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Steel
Monday | 23 March, 2015 | 10:22 am

Building bridges

Written by By Lynn Stanley

With a voracious appetite for wire cable, two new bridges rise above the Ohio River

March 2015 - In a tale of two bridges, residents and commuters surrounding Louisville, Kentucky, are watching massive steel and concrete structures take shape 80 feet above the Ohio River. The work is part of the Ohio River Bridges Project that began construction in 2013 to improve safety, ease congestion, connect highways and spur economic development. 

Work is underway for the first structure in downtown Louisville, upstream from the John F. Kennedy Memorial bridge built in 1963. The second bridge will link the Indiana and Kentucky segments of I-265 between Louisville’s east end and Utica, Indiana. But unlike the central figures in Charles Dickens’ novel, the two bridges are not look-alikes. 

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The Downtown Crossing (pictured above) is a three-tower cable-stayed bridge that will use 1.4 million feet of galvanized steel cable strand. “That’s 266 miles of strand [or] enough to stretch from Louisville to Chicago,” says Andy Barber, Kentucky transportation cabinet project manager. A median-tower cable-stayed center cable bridge design was chosen for the East End Crossing which spans 8 miles from Prospect, Kentucky, through Jeffersonville, Indiana. The project is being erected in three sections. 

More than 650 pieces of structural steel have been sourced for the Downtown Crossing from Little Rock, Arkansas-based Prospect Steel. Trucked to the Port of Indiana, the material was partially assembled before being loaded onto barge to the worksite, where the erection requires 76,000 bolts. “Each floor beam is 98 feet long and weighs 35,000 pounds,” says Barber. “Deck structural steel totals 12 million pounds.”

The Downtown Crossing’s outside tower will measure 230 feet tall with the tower closest to the Indiana shore expected to reach full height later this month. The tower hugging the Kentucky shore will top out this summer along with the center tower which will reach a height of 280 feet. The concrete towers use reinforcing steel grade 75 black bars. A709 grade 70W steel plate anchor boxes cast inside the towers will hold the stay cable anchors.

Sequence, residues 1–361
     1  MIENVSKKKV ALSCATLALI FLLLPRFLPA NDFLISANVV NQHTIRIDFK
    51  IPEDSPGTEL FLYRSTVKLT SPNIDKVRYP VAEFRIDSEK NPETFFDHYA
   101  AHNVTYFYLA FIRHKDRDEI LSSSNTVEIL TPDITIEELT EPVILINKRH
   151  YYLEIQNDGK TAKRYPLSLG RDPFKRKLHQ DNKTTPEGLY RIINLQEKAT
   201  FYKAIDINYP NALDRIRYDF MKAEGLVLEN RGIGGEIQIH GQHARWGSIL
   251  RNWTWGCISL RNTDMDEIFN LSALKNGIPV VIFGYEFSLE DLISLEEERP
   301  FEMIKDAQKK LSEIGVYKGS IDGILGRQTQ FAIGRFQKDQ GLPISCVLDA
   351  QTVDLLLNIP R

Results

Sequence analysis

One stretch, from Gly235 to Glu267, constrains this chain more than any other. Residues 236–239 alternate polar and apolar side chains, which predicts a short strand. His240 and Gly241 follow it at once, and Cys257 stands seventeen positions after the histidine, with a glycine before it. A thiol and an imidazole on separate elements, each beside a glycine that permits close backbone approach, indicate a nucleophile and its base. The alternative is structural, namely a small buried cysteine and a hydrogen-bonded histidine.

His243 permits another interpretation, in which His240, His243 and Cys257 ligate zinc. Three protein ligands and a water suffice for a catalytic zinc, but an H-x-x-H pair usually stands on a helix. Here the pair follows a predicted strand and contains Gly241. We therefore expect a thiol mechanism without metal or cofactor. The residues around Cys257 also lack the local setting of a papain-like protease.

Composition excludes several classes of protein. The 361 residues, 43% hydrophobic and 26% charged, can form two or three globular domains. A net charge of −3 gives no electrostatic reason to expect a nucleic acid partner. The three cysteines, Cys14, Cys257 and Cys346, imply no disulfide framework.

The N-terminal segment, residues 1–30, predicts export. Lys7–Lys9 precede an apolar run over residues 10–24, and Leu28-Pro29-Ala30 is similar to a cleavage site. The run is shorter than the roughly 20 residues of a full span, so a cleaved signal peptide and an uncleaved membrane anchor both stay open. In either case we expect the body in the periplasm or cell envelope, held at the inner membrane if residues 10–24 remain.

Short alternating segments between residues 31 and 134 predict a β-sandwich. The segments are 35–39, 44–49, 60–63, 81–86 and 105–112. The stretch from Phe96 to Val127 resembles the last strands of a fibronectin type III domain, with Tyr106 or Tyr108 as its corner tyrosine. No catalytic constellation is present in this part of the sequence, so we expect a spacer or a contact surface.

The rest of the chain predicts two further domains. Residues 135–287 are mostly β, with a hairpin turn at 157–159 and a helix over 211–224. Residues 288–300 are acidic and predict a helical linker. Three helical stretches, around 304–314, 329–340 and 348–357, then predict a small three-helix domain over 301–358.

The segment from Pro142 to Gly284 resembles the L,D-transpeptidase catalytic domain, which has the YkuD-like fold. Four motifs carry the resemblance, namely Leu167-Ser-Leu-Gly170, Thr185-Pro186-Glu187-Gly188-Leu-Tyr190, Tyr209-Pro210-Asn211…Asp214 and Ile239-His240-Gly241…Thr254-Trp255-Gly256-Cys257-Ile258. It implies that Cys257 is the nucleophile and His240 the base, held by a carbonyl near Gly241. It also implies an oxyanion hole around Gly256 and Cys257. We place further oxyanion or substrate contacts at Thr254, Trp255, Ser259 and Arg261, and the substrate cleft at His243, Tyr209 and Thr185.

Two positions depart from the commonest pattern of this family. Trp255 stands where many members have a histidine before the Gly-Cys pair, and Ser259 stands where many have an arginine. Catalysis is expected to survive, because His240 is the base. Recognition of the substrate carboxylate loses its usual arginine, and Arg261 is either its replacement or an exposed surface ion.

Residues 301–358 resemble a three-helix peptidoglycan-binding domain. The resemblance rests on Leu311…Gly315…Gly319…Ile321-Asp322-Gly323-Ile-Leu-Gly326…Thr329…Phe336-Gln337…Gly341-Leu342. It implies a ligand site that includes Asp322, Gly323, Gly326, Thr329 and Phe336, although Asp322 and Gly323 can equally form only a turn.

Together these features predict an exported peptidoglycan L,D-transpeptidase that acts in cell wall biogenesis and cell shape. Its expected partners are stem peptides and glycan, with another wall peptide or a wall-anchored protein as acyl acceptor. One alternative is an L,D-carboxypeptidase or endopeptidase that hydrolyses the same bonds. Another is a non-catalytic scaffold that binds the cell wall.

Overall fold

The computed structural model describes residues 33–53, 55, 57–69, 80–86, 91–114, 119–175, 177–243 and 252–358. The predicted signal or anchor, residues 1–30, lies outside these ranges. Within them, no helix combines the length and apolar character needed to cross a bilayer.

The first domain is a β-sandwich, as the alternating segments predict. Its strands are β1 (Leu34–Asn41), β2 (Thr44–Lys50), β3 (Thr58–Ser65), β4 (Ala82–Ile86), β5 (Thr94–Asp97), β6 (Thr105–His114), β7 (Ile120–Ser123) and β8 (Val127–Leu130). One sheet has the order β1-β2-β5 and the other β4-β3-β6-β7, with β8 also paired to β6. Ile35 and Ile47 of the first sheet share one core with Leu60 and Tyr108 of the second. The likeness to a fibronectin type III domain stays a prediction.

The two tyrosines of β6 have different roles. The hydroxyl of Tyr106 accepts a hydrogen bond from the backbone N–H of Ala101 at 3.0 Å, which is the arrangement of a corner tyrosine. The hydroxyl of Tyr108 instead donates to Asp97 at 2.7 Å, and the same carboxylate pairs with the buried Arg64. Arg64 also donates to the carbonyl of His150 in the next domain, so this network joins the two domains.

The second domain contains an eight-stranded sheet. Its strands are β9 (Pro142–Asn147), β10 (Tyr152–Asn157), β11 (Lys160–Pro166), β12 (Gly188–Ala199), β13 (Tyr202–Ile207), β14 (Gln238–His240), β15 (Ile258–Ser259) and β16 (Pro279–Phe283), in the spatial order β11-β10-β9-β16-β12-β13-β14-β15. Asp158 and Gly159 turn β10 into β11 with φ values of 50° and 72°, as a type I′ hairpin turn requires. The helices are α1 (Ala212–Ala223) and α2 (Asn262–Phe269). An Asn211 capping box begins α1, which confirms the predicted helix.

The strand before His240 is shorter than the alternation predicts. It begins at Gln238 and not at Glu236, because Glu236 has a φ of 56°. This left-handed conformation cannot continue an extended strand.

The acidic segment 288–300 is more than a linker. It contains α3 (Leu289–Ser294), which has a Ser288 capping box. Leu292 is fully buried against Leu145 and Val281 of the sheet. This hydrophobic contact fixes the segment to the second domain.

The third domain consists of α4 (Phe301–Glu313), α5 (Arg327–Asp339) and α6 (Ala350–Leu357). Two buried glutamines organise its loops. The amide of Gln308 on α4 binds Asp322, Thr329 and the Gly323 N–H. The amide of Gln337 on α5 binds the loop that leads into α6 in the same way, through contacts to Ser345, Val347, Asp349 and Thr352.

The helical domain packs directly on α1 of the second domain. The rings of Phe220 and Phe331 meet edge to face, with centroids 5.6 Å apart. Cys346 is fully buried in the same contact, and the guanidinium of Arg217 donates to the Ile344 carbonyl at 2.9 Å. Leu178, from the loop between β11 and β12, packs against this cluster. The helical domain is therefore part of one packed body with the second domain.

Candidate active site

An engineering feat

Jacobs Engineering in Louisville, the lead design firm for the project, teamed with Chicago’s Walsh Construction to analyze how much total force each stay cable would need to carry, then calculated the number of strands needed to carry dead load (the weight of all items attached to the structure) plus live load (vehicle traffic). Each steel strand, over 0.5-inch in diameter, is comprised of seven grade 270 low-relaxation wires. Coils contain 9,000 feet of continuous strand. The Downtown Crossing will feature 88 stay cables totaling 1.2 million pounds. 

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The East End Crossing (above), designed by International Bridge Technologies, San Diego, with consultation from Jacobs Engineering, Louisville, features steel with specific welding and geometry requirements. Cable-stayed bridges use cables attached to the roadway that run up to a single tower constructed to absorb compressional forces. 

WVB East End Partners is installing on the bridge’s substructure. Tower construction begins later this year. Steel erection will also soon begin with stay cables scheduled for the end of the year. The bridge’s main span across the Ohio River will total 2,500 feet. Tower height is 300 feet with 104 stay cables weighing 1,000 tons. Deck structural steel tips the scales at 6,670 tons.

Teamwork

“Construction of the Downtown Crossing is more than 55 percent complete,” says Barber. “New interstate connections are being built on both sides of the river while work on the bridges continues.” The Downtown bridge totaling 2,114 feet long is expected to carry traffic by January 2016. 

The East End Crossing is also scheduled for completion in 2016.

“The size of this project and the large amount of special grade steel needed required a special rolling from the mill to produce the quantities we need,” Barber notes. “And with so much steel being fracture critical, teamwork and coordination among the designers, fabricators and erectors have been crucial.” MM

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